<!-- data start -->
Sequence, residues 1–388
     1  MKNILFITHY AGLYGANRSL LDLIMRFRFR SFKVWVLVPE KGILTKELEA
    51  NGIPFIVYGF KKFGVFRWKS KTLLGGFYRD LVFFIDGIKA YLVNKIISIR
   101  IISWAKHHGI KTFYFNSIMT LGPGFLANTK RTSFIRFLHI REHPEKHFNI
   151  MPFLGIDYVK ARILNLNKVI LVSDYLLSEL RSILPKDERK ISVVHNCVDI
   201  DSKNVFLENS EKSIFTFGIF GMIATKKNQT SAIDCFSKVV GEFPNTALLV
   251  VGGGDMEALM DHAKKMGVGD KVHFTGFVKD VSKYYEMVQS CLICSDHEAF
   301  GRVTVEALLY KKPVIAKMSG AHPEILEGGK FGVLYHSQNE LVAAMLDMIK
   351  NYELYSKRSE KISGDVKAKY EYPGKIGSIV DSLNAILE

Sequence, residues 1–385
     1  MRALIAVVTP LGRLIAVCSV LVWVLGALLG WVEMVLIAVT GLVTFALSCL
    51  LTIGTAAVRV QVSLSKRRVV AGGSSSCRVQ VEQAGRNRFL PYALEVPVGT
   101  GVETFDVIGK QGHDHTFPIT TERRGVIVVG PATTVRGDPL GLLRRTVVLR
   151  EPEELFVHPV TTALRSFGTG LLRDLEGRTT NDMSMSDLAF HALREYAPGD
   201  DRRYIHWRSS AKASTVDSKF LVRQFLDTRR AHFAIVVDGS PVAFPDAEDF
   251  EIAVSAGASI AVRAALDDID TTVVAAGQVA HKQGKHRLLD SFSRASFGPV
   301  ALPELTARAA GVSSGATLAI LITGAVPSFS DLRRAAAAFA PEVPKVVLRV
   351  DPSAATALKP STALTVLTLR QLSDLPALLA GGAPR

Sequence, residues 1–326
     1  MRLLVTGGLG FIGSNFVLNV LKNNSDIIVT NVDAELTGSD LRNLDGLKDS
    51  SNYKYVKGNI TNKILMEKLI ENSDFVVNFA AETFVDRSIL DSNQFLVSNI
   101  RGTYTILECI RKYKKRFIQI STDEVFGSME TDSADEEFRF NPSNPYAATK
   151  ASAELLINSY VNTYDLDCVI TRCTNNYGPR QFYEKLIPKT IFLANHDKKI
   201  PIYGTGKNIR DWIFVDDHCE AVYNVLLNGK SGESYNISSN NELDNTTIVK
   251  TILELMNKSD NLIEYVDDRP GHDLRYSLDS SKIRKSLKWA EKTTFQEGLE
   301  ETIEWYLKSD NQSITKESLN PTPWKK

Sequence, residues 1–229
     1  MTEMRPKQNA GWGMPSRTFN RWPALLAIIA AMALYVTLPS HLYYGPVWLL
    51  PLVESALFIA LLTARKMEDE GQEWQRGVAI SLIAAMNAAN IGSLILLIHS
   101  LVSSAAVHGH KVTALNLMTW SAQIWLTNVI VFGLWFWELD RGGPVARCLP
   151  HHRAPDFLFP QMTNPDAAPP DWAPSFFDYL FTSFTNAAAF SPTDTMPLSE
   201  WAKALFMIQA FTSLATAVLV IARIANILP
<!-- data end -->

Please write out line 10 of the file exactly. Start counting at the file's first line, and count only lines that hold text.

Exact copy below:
Sequence, residues 1–385